The purposes of second-language learning are often different from foreign-language learning. Second language is needed for full participation in the political and economic life of the nation, because it is frequently the official language or one of two or more recognised languages. It may be the language needed for education. Among the purposes of foreign-language learning are traveling abroad, communication with native speakers, reading foreign literature or scientific and technical works.

There are some major differences between foreign and second language teaching and learning. In second-language learning, one can receive input for learning both inside and outside the classroom. They can readily put to use what is learned, as can the child learning its first language, so much naturalistic practice is possible.

Second-language learners are usually more successful in developing non-native language skills and what is learned may be essential for getting along in the community, so motivation is stronger.

Acculturation that is a main aspect of learning a language is easier in the case of second-language learning and the emotional role of language (as opposed to communicational role) is easier to use for learners.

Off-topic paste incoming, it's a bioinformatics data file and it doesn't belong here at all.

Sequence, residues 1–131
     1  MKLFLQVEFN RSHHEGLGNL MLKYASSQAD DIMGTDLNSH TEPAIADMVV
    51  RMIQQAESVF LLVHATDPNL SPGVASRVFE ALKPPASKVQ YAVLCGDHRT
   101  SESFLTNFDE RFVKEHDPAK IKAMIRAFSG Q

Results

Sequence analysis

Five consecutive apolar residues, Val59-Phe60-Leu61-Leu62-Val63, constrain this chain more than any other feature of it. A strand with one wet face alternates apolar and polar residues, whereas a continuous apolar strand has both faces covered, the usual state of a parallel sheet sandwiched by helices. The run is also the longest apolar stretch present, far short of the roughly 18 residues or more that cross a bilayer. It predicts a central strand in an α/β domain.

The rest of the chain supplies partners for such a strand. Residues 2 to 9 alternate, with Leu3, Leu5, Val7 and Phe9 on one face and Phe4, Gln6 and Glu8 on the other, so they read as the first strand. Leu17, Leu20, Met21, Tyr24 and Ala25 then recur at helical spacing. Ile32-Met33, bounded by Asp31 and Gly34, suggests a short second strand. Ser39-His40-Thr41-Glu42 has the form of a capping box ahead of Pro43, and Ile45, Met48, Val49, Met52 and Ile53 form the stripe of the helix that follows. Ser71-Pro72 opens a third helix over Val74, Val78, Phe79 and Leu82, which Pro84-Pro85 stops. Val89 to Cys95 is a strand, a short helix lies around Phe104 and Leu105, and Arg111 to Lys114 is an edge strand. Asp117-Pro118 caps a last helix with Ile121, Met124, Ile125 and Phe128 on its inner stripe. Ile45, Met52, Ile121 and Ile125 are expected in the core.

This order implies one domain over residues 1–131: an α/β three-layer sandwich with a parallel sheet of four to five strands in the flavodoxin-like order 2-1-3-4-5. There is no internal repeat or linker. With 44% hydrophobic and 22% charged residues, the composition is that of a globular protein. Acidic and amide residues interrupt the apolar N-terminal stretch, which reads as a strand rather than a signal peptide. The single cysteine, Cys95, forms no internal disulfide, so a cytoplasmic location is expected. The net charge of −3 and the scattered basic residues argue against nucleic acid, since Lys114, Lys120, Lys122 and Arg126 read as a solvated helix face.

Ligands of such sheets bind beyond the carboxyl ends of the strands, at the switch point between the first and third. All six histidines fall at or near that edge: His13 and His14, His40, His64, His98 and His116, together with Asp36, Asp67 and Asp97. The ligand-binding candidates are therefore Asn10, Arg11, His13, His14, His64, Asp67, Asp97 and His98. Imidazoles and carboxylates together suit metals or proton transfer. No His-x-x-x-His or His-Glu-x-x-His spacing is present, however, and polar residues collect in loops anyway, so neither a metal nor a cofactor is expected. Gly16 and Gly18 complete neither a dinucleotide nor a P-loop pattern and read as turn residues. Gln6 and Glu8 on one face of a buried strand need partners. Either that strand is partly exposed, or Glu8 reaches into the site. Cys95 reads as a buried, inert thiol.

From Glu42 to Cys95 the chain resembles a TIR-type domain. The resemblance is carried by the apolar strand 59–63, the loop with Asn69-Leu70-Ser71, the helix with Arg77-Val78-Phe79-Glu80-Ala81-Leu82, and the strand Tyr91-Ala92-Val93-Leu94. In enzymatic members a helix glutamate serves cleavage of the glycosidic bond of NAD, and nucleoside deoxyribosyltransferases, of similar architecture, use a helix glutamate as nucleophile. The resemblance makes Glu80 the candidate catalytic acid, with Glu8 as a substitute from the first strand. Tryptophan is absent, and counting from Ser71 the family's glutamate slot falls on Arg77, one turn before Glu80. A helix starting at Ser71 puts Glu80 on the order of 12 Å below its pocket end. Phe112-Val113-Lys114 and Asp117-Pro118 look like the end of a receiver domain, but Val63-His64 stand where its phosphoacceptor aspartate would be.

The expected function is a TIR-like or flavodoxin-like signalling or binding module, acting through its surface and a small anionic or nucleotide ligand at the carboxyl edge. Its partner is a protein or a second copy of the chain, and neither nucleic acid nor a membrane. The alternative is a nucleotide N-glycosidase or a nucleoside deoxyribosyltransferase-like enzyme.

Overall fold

The major characteristics of the planned condition of the classroom in the case of foreign-language learning as opposed to natural conditions of second-language learning are:

There are some other issues in teaching and learning foreign language and second language including the type of motivation and the distinction between 'learning' and 'acquisition' that I will discuss them in separate parts.

There is often a distinction between acquisition and learning in linguistic and pedagogic literature. Children are described as 'acquiring' their native language, where there is no previous information and knowledge in their mind. On the other hand, adults are said to 'learn' a non-native language. Acquisition is viewed as a natural, unconscious, untaught, and probably unteachable process, while learning is somewhat artificial, usually conscious and possibly dependent on instruction and study.

The distinction between acquisition and learning can be used in this discussion, because the general conditions in the case of second language offer opportunities for acquisition, because it is informal, free, undirected or naturalistic. On the other hand, educational treatment in the case of foreign language may offer opportunities mainly for learning.

Nevertheless, acquisition can take place in the case of foreign-language learning and learning can take place in the case of second-language learning. For example, immigrants to the US can attend language teaching classes in the target language environment. On the other hand, foreign-language learners that are far from target language environment can sometimes acquire some points for example by listening to foreign radio, reading literature etc.